As you can see, the verse states that Christ will appear “a second time” — clearly referring to his Second Coming — and then goes on to say that when he appears this “second time” he will “bring salvation to those who are waiting for him,” which is an obvious reference to the Rapture.
“For it will not be, unless the Departure comes First”
Both phases of the Lord’s Second Coming are covered in this passage:
Now, brothers, concerning the coming of our Lord Jesus Christ, and our gathering together to him, we ask you (2) not to be quickly shaken in your mind, nor yet be troubled, either by spirit, or by word, or by letter as from us, saying that the day of Christ had come. (3) Let no one deceive you in any way. For it will not be, unless the departure comes first, and the man of sin is revealed, the son of destruction, (4) who opposes and exalts himself against all that is called God or that is worshiped; so that he sits as God in the temple of God, setting himself up as God. (5) Don’t you remember that, when I was still with you, I told you these things? (6) Now you know what is restraining him, to the end that he may be revealed in his own season. (7) For the mystery of lawlessness already works. Only there is one who restrains now, until he is taken out of the way. (8) Then the lawless one will be revealed, whom the Lord will kill with the breath of his mouth, and destroy by the manifestation of his coming;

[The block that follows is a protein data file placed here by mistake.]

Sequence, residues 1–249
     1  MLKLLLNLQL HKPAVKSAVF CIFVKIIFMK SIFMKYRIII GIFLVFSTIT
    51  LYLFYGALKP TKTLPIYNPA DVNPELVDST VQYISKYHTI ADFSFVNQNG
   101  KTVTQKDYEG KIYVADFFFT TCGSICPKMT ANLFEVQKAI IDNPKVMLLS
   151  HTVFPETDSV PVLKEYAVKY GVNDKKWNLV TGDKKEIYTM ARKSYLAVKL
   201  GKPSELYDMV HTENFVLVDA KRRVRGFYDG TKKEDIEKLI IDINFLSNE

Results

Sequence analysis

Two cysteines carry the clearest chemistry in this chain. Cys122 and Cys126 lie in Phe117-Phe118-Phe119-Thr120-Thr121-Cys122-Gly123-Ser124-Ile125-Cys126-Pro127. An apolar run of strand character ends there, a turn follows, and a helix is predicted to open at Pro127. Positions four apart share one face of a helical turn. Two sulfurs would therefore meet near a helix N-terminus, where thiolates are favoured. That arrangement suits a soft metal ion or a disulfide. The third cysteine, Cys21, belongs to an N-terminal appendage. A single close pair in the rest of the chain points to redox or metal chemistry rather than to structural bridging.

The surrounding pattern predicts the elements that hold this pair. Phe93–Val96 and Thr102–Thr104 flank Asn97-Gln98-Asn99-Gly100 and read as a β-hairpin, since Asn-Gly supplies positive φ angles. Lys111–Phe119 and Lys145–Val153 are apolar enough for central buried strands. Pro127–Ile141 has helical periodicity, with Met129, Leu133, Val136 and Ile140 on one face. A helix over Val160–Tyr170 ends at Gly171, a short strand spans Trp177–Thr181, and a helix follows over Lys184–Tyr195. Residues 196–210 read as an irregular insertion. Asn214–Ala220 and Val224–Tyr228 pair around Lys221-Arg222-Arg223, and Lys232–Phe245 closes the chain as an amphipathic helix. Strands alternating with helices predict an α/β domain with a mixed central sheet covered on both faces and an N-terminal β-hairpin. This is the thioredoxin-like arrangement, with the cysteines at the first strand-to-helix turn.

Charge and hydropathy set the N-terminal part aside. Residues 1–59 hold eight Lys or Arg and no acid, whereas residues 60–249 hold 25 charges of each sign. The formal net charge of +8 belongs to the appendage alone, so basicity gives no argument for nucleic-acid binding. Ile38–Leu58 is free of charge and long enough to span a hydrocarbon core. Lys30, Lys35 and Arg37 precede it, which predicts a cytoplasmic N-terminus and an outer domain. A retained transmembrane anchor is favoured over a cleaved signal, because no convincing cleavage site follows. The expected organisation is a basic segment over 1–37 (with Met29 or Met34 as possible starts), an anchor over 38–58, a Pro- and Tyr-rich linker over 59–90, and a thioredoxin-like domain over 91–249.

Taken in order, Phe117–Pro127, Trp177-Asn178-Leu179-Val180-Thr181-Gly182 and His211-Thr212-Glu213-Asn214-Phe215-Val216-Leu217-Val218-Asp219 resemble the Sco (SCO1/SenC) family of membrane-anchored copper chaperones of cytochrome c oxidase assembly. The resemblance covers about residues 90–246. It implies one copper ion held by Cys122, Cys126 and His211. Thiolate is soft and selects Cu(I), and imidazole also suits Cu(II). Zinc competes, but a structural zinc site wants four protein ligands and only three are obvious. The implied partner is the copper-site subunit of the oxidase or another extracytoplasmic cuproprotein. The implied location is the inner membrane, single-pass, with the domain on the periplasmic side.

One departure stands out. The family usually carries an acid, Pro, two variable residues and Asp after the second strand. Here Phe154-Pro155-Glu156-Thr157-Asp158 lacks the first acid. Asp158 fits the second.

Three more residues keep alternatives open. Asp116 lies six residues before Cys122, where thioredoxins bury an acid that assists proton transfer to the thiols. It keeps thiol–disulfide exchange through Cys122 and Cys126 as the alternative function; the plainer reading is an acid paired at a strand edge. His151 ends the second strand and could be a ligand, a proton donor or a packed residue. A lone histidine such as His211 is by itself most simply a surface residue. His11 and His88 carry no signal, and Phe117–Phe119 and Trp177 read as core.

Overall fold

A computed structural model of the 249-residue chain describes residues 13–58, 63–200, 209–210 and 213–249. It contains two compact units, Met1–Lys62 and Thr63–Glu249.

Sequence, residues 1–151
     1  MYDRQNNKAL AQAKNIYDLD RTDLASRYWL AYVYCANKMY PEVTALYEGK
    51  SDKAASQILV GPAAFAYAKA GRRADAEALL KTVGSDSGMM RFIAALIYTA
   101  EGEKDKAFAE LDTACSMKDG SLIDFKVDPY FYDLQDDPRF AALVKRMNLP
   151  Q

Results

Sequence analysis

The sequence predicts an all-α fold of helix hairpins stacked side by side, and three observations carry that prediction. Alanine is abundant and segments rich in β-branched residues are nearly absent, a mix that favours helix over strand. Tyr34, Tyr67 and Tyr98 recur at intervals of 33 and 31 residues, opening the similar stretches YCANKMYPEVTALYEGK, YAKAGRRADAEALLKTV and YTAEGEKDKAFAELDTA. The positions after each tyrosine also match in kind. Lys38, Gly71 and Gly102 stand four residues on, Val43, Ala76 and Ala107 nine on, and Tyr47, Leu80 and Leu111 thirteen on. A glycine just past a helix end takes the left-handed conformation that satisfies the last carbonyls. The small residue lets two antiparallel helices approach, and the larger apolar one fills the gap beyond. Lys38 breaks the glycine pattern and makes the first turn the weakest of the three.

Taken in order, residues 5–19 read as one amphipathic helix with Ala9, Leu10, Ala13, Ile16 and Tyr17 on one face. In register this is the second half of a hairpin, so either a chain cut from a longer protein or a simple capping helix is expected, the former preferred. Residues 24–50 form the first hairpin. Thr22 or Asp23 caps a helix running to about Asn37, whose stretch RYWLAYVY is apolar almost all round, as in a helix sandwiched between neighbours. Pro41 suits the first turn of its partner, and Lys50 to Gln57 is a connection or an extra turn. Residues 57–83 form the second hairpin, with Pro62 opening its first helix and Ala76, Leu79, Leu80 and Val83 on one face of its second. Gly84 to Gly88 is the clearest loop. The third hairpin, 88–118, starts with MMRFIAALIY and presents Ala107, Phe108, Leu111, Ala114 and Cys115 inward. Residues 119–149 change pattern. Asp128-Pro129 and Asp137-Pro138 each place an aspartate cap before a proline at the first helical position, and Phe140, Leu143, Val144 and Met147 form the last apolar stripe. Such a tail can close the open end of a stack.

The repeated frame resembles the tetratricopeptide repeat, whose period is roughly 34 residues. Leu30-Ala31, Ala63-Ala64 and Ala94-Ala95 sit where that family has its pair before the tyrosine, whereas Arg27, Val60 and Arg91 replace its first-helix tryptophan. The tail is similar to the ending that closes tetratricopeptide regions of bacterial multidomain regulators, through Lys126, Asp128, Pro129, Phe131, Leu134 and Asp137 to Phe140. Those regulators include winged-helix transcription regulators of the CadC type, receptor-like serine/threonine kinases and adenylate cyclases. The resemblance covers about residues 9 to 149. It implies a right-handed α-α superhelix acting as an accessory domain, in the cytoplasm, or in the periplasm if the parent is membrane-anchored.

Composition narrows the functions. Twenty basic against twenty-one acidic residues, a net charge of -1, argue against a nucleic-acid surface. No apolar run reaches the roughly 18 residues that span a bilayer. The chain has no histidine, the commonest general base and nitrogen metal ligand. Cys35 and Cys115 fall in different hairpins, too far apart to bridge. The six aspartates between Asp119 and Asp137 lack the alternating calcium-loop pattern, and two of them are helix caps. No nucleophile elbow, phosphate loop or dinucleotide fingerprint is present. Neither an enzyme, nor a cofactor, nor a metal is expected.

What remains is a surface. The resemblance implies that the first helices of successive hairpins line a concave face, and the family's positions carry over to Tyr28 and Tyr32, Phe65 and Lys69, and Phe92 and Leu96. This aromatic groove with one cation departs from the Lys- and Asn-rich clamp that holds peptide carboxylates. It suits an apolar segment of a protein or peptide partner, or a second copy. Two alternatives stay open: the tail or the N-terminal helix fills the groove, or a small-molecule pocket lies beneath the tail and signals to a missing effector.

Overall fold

2 Thessalonians 2:1-8 (WEB)
Verse 1 shows that this text concerns the Second Coming, including the church being “gathered together to him,” which is the Rapture. Verse 8 details the second phase of Jesus’ coming, which is when he returns to the earth and destroys the “lawless one”—the antichrist—simply with a word or two from his lips. (So much for Christ being a milksop weakling as he’s often maligned in modern Western culture!) The Greek word for “coming” in both verses is the aforementioned parousia. You see? The Second Coming consists of 1. Jesus’ return for his church and 2. His return to the earth to vanquish his enemies and establish his millennial kingdom.
Verse 3 reveals the sequence of events, emphasizing that the “day of Christ” will not come to pass until “the departure comes first, and the man of sin is revealed.” The “departure” is an obvious reference to the snatching up of the church while the revealing of the “man of sin” refers to the unveiling of the antichrist, a wicked, possessed man who will obtain worldwide power during the Tribulation (Revelation 13:7).